Lilly Endowment gives $4.9M for teaching fellowships

Indianapolis-based Lilly Endowment Inc. is giving $4.9 million to fund the Woodrow Wilson National Fellowship Foundation, which prepares career changers and college graduates to teach math, science, engineering and technology in rural and urban schools.

The Endowment gave $10 million four years ago to launch the program, which trained its first crop of teachers in 2009. The new grant will fund two more classes of teachers.

The New Jersey-based Woodrow Wilson foundation has partnered in Indiana with Ball State University, Purdue University, IUPUI and the University of Indianapolis to train teachers. The universities revamped their programs to prepare teachers in local classrooms, similar to the way physicians learn in hospitals and attorneys in law offices.

Fellows receive a $30,000 stipend to complete a special intensive master’s program at one of the universities. After a year of classroom-based preparation, the fellows commit to teach for at least three years in an urban or rural school, with ongoing support and mentoring from the foundation.

There are 104 Woodrow Wilson teaching fellows working in Indiana schools, with another 54 doing their master’s training and in-classroom preparation. The program claims it has retained 99 percent of its fellows in the teaching profession.

Fellows are now progressing through the program, doing master’s work and clinical preparation in Indiana classrooms. To date, the program has a 99-percent retention rate for teachers.

“The program is an important part of the Endowment’s efforts to improve education,” said Sara Cobb, vice president for education at the Lilly Endowment, in a prepared statement. “The Woodrow Wilson Indiana Teaching Fellows are finding this program a challenging and exciting experience, and they are transmitting that excitement in high-need schools across Indiana.”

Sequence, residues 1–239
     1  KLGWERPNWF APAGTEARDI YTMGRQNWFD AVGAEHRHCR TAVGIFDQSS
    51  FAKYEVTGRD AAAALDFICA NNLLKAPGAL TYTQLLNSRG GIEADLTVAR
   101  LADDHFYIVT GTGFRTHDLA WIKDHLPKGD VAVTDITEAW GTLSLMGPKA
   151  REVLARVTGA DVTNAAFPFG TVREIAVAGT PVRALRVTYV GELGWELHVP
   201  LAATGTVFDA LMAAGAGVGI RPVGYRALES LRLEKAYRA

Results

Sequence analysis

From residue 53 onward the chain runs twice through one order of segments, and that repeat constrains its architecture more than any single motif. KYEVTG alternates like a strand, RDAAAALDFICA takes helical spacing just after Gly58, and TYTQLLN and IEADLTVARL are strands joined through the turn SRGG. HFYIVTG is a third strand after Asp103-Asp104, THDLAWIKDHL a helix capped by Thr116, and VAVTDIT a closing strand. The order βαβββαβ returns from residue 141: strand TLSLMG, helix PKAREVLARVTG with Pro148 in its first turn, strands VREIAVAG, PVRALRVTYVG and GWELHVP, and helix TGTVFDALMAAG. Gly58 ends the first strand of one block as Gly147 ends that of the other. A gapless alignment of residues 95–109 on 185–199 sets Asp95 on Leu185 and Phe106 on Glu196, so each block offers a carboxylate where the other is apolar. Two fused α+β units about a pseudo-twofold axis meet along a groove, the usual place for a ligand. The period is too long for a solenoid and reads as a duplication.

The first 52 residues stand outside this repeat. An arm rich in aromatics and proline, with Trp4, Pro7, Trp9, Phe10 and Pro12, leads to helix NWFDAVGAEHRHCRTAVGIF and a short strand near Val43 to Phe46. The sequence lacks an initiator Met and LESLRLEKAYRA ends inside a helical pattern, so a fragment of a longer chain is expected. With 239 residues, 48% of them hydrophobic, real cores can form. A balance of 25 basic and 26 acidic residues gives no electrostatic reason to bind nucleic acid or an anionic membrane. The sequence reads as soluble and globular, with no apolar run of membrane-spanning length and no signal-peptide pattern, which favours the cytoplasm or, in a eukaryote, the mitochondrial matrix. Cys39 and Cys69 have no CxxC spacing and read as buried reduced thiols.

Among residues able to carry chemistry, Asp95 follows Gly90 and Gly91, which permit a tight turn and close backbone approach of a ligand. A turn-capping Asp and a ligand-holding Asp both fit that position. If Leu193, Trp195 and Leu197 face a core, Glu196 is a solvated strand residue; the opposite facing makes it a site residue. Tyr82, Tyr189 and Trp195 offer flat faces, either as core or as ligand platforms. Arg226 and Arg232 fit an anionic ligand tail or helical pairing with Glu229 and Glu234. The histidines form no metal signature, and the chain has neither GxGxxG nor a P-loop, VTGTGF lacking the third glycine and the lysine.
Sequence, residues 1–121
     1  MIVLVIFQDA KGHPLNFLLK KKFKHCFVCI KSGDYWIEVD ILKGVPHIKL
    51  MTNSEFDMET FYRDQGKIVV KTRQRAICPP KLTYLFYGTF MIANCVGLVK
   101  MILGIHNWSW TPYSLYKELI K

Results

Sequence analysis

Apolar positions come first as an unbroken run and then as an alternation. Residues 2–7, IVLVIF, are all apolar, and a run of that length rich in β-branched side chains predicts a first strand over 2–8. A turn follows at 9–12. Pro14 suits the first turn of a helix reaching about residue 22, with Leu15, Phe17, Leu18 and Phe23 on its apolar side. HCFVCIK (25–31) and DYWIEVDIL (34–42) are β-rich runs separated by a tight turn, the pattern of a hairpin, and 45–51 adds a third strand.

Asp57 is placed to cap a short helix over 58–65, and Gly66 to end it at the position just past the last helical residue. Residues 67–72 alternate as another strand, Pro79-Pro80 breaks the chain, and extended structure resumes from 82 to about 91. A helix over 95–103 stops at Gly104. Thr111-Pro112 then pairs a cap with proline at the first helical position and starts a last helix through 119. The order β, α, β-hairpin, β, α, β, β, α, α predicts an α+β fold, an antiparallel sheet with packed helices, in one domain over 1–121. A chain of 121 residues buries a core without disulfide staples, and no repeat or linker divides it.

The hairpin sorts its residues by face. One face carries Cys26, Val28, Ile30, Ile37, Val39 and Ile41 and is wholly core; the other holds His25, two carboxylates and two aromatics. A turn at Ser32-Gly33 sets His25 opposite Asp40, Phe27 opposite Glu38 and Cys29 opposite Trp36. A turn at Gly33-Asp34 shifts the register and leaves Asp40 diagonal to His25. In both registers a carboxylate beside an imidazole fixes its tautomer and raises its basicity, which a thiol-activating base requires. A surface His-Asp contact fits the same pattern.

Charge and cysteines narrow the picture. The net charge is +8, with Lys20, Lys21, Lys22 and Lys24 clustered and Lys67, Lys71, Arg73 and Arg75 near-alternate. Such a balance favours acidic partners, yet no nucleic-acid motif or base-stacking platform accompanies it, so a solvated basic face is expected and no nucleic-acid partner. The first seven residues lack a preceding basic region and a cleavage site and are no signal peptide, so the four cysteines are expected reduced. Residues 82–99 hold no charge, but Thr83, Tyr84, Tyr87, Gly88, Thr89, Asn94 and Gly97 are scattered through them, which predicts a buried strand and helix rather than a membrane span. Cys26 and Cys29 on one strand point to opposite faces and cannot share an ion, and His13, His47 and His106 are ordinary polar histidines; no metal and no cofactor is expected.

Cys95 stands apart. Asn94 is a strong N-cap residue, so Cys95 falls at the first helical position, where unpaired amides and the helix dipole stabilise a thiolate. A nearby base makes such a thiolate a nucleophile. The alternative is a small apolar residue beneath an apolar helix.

After launching its program in Indiana, with more than $3 million in support from the state of Indiana, the Woodrow Wilson foundation has replicated it in Michigan and Ohio, and is planning to expand it to other states.

Please enable JavaScript to view this content.

Editor's note: You can comment on IBJ stories by signing in to your IBJ account. If you have not registered, please sign up for a free account now. Please note our updated comment policy that will govern how comments are moderated.

{{ articles_remaining }}
Free {{ article_text }} Remaining
{{ articles_remaining }}
Free {{ article_text }} Remaining Article limit resets in {{ count_down }} days.